The geological mystery of how colliding tectonic plates can force some rocks very deep into the Earth, then pop them quickly back to the surface, may have been solved with what’s being called a “caterpillar walk.”
The classic way of thinking about colliding plates is that one plate is shoved under another and they just keep ramming towards one another. The plate that goes under eventually peels off into the mantle and is gone. But that doesn’t explain how rocks that get pulled down and altered by the pressure so they become loaded with ultra-high pressure minerals — like the metamorphic eclogite rock shown above in my hand and at right — get boosted back to the surface so quickly. We know it happens because these pressure-altered rocks are found at the surface.
A team of European geologist have looked at the situation in the Aegean and have come up with a model that might explain it. They propose that when plates collided in the Aegean, the sinking plate, as it peeled away and sank into the mantle, sucked down some rocks with it that were then quickly (geologically speaking, which means over millions of years) caught up in the upward flow of material that filled the space of the sinking plate. An analogy, if I’m getting this right, might be the way water would rush in if you quickly separate your hands underwater. The authors of the paper, in the latest issue of Geology, made a movie of the process that you can see here.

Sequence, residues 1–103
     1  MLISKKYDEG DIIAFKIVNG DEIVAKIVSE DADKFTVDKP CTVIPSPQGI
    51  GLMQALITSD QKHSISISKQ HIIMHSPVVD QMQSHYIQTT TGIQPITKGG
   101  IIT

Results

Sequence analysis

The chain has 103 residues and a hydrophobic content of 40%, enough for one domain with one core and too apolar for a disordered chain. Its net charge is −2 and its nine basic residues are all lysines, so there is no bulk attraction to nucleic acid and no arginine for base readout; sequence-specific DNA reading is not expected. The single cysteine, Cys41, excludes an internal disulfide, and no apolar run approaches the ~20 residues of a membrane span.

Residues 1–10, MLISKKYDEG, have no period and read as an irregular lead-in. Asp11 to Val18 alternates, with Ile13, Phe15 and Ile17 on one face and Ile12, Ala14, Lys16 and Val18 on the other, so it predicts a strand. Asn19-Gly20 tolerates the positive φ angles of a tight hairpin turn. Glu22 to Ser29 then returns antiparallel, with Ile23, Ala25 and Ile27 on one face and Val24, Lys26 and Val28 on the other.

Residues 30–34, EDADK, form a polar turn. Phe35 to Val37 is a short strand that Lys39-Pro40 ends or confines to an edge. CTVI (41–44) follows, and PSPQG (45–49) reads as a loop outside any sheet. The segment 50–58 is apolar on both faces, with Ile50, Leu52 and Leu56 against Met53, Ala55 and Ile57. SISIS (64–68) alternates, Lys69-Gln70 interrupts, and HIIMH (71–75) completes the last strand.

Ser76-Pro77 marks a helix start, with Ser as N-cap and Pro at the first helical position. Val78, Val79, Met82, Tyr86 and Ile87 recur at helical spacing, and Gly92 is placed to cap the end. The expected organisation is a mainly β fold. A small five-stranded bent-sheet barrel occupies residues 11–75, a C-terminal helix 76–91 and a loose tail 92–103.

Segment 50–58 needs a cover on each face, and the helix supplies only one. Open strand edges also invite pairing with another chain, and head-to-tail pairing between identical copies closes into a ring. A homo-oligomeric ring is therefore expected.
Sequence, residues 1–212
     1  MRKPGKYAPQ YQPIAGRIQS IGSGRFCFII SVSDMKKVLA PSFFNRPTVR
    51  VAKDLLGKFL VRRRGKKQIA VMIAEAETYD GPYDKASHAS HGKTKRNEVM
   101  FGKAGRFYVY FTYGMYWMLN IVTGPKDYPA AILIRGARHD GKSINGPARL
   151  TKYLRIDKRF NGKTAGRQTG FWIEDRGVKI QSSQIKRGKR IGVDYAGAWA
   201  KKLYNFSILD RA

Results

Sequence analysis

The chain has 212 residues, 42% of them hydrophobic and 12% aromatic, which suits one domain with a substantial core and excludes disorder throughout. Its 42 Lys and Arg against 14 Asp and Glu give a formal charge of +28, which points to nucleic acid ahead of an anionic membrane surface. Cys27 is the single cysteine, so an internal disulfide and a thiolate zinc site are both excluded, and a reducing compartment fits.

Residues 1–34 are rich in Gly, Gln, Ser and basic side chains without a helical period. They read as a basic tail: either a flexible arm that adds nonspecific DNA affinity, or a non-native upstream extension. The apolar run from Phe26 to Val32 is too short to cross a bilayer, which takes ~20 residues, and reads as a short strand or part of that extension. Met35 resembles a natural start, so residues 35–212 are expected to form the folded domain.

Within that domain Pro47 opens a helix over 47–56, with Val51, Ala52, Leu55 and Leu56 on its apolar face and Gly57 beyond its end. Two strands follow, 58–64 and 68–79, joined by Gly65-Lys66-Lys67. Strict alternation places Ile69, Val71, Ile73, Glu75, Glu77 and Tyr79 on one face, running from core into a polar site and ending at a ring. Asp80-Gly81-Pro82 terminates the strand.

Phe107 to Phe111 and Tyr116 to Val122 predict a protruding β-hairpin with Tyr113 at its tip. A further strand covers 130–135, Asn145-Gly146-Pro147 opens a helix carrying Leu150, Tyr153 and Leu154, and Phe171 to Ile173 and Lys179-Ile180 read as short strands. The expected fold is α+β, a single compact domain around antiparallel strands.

Anyway, this upwards flow of rock created an area of the Earth’s crust that was no longer smashing together, but stretching out. That means there are lots of vertical faults allowing deep rocks to rise to the surface (in the same was that a row of tilted books on a book shelf eventually reveal lower and lower portions of books if you allow them to spread out over the length of the shelf). Add to that the normal erosion of rocks by weather, and you should be able to get eclogites up in record time.
The caterpillar part comes in when you follow the rocks in the collision zone. At first they are bunched up and pulled down into the collision zone, then they are sucked up again and spread out in the crust. Think caterpillar on the ceiling. First spread out flat, then bunched up (collision and pressurization of the rocks) then spread out again (and the rocks that were deep are now shallow).
And just in case anyone was wondering, the fact that this process brings up metamorphic rocks does not mean they are in way connected to the metamorphosis of a caterpillar into a butterfly. It’s just a fun semantic coincidence.
(Top) Metamorphic eclogite rock. (Larry O’Hanlon)
(Side) Eclogite is a metamorphic rock with a mixture of garnet (almandine-pyrope) and a green matrix of sodium-rich pyroxene (omphacite), this one from Norway is 425 million years old. (Gerald & Buff Corsi/Corbis)